“Hoffman’s next bet: Hudson Falls”

Buying the landmark facing park
By Mark Frost
The Chronicle Editor
Published: May 22, 2008

Peter Hoffman, having already invested millions in buying and renovating downtown Glens Falls buildings, now is joining with his son Peter, Jr. to make a similar plunge into downtown Hudson Falls.

The Hoffmans expected on Wednesday, May 21, to close on the 3-story, 18,000 sq-foot building on the prominent Main Street corner facing Juckett Park.

They said a closing is set on the purchase of another building nearby next week.

The building the Hoffmans are buying is “fully occupied,” said Peter, Sr., with commercial tenants on the first floor and nine two-story apartments on the second and third floors.

He said the structure dates from the 1920s. The apartments “were really built for the elite of Washington County, as I understand it. Each unit has its own fireplace. There are many historical details,” he said.  “To me it’s a focal property in the community. It’s been owned by Mike and Brien Moran. They’ve maintained it very well. They put a new roof on it last year. This is part of their heart.” 

He said the negotiation for the purchase “was an interesting process. It wasn’t the typical ‘I really want to sell this place.’ It was, ‘What will you do with it?’ They like what we do.”

The Hoffmans, by The Chronicle’s calculation, have spent at least $2.9-million buying buildings in downtown Glens Falls — and then invested heavily in improving them.  Their current project is a total transformation of 86 Glen Street near the Sawyer’s building. It will soon house an NBT Bank branch and the bank’s regional headquarters, as well as Behan Communications.  The Hoffmans have also built an apartment complex in South Glens Falls.

Peter, Sr. termed the revival of downtown Hudson Falls “inevitable, absolutely,” and said of investing there, “If you buy good property and do good development, there are the users” — both residential and commercial.

“As Kingsbury and Fort Edward…and the surrounding townships grow…,” he said, “to have a Hudson Falls is to me like a jewel of Washington County….

“What I have found in my experience is that people still want to have the downtown presence. They come to downtown Glens Falls to walk and shop.”

He says the same will happen in Hudson Falls.

“I looked at the La Fontana Restaurant when that was here (in the former Washington County courthouse building). On a Saturday night we’d wait in line. The prices weren’t cheap, but they did a phenomenal business. I’d see folks up there from Queensbury.”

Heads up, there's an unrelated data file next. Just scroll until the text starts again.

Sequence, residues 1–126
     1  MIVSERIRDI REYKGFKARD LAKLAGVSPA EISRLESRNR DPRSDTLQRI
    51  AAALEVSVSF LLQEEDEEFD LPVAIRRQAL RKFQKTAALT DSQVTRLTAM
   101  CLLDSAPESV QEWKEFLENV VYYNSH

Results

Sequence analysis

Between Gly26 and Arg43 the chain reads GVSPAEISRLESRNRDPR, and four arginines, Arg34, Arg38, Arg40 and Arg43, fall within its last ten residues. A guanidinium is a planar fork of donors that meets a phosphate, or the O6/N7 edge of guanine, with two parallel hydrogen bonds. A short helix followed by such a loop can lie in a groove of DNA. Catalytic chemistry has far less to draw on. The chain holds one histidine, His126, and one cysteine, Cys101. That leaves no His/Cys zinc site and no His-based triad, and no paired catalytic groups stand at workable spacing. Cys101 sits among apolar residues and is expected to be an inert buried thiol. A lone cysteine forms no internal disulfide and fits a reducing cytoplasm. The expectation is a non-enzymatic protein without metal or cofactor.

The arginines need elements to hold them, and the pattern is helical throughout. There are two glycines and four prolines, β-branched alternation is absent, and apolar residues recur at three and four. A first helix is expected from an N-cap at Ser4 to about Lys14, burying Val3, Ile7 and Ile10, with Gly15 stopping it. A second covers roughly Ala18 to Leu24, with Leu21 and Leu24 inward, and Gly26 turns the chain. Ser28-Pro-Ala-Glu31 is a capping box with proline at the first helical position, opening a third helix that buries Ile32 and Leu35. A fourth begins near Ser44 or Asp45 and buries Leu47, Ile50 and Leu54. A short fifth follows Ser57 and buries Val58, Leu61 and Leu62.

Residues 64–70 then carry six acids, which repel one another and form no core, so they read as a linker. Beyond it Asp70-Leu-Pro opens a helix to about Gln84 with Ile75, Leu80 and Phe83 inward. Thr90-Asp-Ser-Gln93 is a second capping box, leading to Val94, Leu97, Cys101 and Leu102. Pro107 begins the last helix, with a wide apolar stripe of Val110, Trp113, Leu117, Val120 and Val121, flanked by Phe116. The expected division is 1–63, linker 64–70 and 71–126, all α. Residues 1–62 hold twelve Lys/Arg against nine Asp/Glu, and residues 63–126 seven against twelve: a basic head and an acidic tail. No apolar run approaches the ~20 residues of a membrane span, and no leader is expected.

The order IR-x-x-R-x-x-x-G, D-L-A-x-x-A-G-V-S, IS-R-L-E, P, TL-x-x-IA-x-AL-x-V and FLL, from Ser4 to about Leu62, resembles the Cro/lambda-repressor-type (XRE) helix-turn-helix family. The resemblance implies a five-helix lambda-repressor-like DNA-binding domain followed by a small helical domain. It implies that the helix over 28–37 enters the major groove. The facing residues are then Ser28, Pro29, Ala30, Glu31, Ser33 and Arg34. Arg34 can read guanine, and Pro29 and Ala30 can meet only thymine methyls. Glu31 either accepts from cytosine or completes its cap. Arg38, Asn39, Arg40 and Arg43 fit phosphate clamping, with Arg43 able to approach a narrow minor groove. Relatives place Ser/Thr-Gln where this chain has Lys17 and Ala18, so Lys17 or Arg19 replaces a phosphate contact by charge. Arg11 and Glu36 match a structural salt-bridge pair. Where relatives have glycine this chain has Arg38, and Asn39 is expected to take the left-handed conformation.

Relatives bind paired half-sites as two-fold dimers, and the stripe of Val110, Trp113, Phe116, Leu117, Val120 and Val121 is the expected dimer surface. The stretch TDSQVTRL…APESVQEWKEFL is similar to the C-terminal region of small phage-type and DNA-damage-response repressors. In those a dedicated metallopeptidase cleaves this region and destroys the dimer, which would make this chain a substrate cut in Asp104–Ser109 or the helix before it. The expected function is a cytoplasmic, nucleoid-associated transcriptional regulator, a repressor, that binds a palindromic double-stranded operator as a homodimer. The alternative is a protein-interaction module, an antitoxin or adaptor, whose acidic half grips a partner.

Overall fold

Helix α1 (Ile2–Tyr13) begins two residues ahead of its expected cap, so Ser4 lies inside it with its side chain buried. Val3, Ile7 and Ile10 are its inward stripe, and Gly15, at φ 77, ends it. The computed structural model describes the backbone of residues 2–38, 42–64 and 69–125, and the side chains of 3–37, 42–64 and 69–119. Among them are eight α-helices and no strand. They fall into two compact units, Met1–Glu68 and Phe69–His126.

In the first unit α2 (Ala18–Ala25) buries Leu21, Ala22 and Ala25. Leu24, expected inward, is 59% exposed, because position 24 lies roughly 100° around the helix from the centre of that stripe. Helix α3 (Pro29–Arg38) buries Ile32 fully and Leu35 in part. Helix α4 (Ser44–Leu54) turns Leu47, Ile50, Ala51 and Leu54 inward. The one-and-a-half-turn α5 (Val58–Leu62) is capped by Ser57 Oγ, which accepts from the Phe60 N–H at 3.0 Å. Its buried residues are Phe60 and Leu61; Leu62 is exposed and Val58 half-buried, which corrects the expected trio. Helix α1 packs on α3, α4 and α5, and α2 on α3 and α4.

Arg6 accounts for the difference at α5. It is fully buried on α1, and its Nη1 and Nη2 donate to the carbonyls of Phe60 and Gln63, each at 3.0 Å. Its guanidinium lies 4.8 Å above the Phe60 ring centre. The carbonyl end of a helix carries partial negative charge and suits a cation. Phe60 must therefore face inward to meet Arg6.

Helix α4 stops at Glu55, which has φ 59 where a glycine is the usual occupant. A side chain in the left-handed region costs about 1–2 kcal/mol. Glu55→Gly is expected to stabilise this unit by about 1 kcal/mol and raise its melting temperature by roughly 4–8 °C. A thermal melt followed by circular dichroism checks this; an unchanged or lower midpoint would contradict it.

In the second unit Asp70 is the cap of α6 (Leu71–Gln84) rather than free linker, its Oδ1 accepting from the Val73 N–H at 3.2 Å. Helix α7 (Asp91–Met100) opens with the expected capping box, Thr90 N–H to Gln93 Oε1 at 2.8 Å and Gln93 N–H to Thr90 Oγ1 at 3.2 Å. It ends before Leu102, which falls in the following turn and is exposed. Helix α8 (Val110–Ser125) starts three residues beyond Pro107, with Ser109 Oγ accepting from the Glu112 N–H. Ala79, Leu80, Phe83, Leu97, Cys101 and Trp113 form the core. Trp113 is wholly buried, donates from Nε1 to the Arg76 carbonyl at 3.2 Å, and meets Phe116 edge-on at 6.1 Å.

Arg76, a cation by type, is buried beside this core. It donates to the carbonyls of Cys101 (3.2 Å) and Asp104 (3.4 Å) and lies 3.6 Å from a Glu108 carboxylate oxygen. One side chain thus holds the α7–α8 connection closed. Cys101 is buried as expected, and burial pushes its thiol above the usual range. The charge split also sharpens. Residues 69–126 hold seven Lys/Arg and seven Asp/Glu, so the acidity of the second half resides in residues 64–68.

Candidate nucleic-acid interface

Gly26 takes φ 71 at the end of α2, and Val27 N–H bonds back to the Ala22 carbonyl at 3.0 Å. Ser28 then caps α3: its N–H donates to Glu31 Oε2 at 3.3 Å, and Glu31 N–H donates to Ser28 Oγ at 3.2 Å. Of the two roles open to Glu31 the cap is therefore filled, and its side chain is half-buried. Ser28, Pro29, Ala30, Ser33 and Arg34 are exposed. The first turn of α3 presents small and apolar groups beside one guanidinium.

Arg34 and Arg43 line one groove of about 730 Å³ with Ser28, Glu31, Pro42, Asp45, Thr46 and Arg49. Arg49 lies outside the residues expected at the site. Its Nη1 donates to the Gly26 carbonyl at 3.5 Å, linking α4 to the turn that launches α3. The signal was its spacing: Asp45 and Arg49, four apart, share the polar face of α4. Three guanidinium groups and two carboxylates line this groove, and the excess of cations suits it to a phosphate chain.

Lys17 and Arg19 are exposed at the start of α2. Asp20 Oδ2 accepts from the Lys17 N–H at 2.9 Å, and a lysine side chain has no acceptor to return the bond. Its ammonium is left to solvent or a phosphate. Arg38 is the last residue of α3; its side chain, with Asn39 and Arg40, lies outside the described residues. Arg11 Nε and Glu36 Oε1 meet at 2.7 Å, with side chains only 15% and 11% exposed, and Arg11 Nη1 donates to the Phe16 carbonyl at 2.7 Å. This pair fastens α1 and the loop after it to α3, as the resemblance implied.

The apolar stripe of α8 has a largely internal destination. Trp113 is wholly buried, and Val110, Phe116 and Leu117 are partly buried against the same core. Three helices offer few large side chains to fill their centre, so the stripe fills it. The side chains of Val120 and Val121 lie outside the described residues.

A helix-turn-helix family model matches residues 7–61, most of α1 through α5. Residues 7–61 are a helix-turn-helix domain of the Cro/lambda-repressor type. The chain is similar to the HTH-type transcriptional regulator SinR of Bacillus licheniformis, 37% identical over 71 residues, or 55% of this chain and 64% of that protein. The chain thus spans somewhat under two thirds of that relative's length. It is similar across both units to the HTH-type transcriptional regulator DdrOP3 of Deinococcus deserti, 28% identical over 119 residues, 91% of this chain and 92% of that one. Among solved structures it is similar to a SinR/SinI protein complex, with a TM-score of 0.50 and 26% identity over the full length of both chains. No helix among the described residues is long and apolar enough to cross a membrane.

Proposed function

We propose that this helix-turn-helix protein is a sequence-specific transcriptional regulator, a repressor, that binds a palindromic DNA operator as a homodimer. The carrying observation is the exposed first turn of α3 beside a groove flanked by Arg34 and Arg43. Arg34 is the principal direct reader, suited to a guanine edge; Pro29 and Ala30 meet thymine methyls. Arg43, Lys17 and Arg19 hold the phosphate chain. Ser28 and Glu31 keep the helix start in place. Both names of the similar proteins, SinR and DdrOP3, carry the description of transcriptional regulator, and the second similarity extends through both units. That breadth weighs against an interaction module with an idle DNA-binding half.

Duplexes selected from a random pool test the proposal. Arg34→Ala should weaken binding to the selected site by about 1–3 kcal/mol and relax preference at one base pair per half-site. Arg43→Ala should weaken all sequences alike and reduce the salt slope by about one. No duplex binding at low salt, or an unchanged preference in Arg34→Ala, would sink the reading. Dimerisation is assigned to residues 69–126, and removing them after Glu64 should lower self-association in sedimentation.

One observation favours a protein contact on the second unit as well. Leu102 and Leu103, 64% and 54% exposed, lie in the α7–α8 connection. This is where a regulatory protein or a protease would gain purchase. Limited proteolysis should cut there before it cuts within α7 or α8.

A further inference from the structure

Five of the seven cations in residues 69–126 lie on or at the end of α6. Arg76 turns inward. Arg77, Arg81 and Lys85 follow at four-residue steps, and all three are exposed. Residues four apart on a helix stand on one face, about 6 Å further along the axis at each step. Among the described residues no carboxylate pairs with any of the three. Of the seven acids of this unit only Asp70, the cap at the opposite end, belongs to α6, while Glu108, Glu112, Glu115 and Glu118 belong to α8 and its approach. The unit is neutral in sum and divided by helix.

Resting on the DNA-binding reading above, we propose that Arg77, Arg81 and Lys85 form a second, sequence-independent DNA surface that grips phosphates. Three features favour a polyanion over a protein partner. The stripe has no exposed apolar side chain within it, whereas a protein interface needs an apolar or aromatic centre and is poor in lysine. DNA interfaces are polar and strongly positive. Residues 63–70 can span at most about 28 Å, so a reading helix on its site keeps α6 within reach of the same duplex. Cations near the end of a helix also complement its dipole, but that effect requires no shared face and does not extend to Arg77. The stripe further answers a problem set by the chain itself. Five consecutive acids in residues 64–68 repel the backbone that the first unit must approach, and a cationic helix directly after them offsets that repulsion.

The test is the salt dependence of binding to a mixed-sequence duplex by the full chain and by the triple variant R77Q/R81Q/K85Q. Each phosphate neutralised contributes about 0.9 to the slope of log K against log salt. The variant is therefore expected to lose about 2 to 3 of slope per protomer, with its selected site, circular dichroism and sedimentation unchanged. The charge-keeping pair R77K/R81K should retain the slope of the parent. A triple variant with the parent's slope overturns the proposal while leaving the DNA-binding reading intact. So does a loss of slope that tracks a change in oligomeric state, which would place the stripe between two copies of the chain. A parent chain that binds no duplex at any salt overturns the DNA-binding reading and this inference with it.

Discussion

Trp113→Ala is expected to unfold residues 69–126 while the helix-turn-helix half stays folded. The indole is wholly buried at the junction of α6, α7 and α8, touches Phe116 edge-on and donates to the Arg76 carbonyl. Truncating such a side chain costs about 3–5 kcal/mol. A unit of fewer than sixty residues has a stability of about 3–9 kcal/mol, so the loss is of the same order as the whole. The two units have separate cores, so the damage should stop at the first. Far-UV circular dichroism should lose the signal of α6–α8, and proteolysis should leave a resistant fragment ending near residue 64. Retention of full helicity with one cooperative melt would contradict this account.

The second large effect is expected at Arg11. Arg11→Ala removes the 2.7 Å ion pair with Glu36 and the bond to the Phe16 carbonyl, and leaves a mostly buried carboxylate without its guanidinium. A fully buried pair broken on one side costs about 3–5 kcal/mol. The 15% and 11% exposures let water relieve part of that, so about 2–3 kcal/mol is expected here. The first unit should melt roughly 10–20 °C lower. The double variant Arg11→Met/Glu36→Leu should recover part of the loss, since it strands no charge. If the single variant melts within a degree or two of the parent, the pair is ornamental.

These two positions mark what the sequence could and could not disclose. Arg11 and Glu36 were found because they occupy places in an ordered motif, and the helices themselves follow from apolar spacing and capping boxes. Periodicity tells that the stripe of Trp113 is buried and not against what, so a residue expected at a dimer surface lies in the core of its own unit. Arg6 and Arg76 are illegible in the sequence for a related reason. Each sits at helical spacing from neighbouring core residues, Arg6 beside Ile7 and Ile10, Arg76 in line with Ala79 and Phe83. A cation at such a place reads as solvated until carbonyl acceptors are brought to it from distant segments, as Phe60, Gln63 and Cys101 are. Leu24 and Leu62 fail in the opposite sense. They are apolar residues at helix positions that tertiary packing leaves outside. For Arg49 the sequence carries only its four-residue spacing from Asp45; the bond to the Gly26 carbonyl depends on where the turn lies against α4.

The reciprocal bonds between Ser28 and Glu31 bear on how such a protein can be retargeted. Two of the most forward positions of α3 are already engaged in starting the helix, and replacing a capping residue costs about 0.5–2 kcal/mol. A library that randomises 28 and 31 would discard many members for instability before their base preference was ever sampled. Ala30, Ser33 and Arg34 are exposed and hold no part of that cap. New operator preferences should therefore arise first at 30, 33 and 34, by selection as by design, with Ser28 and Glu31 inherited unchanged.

Peter, Sr., said family was another factor in the Hudson Falls purchase. “My son is involved and that’s one reason we did it really….This is a new frontier for me. I’ve never had a partner.”

Peter, Jr., 29, graduated from Texas Christian University in 2002 with a degree in finance and then did stints with such financial giants as JPMorgan Chase and Wachovia — “working for ‘the man,’ if you will,” he quips.  He said, “I always thought that long term I would return to this area….My parents have offered me a wonderful opportunity to learn about the business and eventually I can do something for myself.”

The Hoffmans’ approach is definitely hands-on. Peter, Jr., said he has enjoyed most of it so far. Asked what he hasn’t enjoyed, he said, “I don’t know if anyone wants to shovel snow from 7 to 7.”

While his parents still live in Clifton Park — at least until their 14-year-old daughter graduates from high school, says Peter, Sr. — Peter, Jr. now lives in one of the Hoffmans’ buildings in Glens Falls, and he’s coaching the lacrosse team at Glens Falls Middle School.  “We’re 4-0,” he says. “The boys are kicking butt. I’m just trying to get integrated with the community.”

Peter, Sr., says of that community, “I think Glens Falls has been steadily growing since I came in ’04.”

Does he think Hudson Falls will experience the same growth? “Absolutely,” he said. “I think it’s well on its way.” 

He said that just an item in The Post-Star that said he was planning to buy an unidentified building prompted “some calls from people looking for space and wondering what we’re doing. People are look for quality space to rent.